The Student News Source of Sparkman High School

Alum Works With Organization To Protect Children

May 9, 2018

Alumnus Blake Brockway has found a calling with helping to rescue children from trafficking and sexual exploitation. He works with a Child Rescue Coalition in Florida. Partnering with law enforcement and child advocates around the world.

“I currently live in Fort Lauderdale, Florida,” Brockway said. “I graduated from Sparkman in 2005, and was editor of the yearbook, and worked on the newspaper staff as well as very active in the SGA, National Honor Society and Crimson Society.”

Since graduating, Brockway has made a significant impact on communities around the world. Working with the Child Rescue Coalition has given him opportunities to make a difference where it matters.

“I currently work as the Director of Events & Social Media Coordinator for a small nonprofit called Child Rescue Coalition in Boca Raton, Florida,” Brockway said. “The Child Rescue Coalition partners with law enforcement, and child advocates around the world to shield, rescue and safeguard children from sexual exploitation. We use leading-edge technology to help track, arrest, and convict those who use the internet to harm young children. We provide our CPS Technology tool free to law enforcement in all 50 states and 79 countries around the world. Our technology gives law enforcement access to info about abuse in their area that they might not know exists. We are able to help paint a complete picture of predatory behavior and use historical data to reveal trends that would be impossible for any agency to track down on its own.”

Although Brockway is not physically out in the world catching the sex traffickers, he still plays a large role in his organization. The world revolves around money and drives the sex trafficking business.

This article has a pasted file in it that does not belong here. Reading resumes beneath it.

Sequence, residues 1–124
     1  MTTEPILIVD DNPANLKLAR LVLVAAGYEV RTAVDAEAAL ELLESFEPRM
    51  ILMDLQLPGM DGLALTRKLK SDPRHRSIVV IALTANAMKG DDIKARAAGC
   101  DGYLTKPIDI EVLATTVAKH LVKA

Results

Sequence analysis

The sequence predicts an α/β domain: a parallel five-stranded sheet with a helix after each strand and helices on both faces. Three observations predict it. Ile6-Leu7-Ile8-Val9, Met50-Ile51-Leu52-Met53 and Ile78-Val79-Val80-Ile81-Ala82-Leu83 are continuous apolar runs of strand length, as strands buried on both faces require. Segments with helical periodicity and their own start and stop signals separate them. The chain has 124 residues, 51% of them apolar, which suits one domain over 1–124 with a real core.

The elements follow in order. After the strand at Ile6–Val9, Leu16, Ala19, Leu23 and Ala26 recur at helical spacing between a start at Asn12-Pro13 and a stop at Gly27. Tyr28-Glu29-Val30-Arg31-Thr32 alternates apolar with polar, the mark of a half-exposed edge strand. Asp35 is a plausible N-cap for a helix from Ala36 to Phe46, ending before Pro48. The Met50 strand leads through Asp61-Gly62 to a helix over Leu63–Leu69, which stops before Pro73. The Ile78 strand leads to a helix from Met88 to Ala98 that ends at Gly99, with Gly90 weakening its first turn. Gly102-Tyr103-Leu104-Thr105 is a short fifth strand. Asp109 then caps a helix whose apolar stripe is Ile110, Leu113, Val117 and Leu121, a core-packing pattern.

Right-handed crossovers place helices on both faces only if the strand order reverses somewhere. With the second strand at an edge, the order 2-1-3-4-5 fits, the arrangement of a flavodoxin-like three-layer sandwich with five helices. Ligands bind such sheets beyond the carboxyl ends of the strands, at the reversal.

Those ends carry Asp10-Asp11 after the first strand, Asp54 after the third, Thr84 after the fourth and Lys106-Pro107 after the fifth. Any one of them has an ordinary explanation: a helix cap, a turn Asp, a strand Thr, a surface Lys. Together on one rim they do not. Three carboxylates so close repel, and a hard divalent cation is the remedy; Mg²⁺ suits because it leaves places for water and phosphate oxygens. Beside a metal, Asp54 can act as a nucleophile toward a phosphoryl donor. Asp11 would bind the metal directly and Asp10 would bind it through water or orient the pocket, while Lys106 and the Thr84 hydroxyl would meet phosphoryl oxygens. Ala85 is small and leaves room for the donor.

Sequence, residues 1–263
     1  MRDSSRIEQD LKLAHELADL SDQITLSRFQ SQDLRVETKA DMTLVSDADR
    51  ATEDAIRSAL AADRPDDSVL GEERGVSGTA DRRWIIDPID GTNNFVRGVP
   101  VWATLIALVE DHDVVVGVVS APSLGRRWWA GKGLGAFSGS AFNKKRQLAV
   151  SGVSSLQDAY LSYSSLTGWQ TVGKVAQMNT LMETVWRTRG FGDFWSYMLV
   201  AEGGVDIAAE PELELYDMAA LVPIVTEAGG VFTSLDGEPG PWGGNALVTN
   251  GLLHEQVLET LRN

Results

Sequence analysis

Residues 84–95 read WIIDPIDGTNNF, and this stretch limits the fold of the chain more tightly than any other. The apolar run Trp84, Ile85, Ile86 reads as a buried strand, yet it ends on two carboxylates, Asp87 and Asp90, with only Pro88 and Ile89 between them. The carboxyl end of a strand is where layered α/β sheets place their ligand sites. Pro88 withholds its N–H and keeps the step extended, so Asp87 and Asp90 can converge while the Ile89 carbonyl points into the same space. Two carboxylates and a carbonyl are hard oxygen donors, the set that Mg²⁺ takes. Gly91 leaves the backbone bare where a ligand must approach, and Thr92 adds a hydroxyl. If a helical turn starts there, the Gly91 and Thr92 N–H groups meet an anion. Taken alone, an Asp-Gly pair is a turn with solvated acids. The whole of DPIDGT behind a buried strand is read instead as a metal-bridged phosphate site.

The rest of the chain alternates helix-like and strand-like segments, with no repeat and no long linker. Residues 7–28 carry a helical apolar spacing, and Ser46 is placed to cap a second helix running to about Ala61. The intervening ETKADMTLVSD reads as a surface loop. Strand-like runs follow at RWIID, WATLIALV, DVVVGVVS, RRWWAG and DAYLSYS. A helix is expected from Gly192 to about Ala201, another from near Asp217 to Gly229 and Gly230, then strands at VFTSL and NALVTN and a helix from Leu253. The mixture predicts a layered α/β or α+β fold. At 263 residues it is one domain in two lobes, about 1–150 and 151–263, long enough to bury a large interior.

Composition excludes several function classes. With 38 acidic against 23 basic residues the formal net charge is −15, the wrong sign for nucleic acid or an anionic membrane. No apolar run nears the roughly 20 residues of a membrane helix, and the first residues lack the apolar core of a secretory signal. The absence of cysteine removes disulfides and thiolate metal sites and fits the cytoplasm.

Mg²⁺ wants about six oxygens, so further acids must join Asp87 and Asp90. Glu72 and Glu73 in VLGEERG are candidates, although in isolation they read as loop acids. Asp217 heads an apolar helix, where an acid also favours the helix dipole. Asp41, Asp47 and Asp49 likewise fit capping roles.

“My primary job focus is creating events to help raise money for our organization such as our gala (we recently had Ashley Judd speak at our last gala),” Brockway said. “Town Halls (where people come and learn about our organization and how to safeguard children from pedophiles), our charity golf tournament and corporate volunteer days, where we go in and make care packages for children that are given to police to give them when they are rescued from an abusive situation.”

Working for the Child Rescue Coalition allows Brockway to reach out to large media groups and talk shows to raise awareness. Doing this will help the coalition grow in the long run and get out the word to stop child abuse and sex trafficking.  

“I also run all of our social media,” Brockway said. “We recently launched a national media campaign called “KIDS FOR PRIVACY”. In collaboration with April being Child Abuse Prevention Month, we wanted to encourage parents to “pause before they post” images of their kids that put them in vulnerable situations. We have found almost 90 percent of children have an online presence by the age of two.”

Brockway has even identified methods sex traffickers tend to take to find their next victim like hashtags. These same hashtags make it easier for law enforcement to find and eliminate threats.

“We have also discovered child predators search hashtags like #PottyTraining, #BathTime, and #KidsPeeing to find semi-pornographic images of children,” Brockway said. “We created a campaign that allowed our followers to get involved and have their kids make #PrivacyPlease signs and flood these hashtags with these images instead of ones of children peeing or taking a bath. The campaign has gone viral—we have been picked up Today Show, Al Jazeera, UniVision, PopSugar, and multiple local news stations around the country. We launched a Youtube video on April 3rd, and it has now received over 58k views.”

 

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